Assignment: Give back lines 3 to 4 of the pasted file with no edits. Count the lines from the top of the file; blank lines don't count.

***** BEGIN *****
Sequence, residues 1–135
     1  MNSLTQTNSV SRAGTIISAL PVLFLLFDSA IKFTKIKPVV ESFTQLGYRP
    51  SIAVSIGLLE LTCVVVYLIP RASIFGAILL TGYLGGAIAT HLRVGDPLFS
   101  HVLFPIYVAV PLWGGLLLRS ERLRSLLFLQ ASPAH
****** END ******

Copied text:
    51  SIAVSIGLLE LTCVVVYLIP RASIFGAILL TGYLGGAIAT HLRVGDPLFS
   101  HVLFPIYVAV PLWGGLLLRS ERLRSLLFLQ ASPAH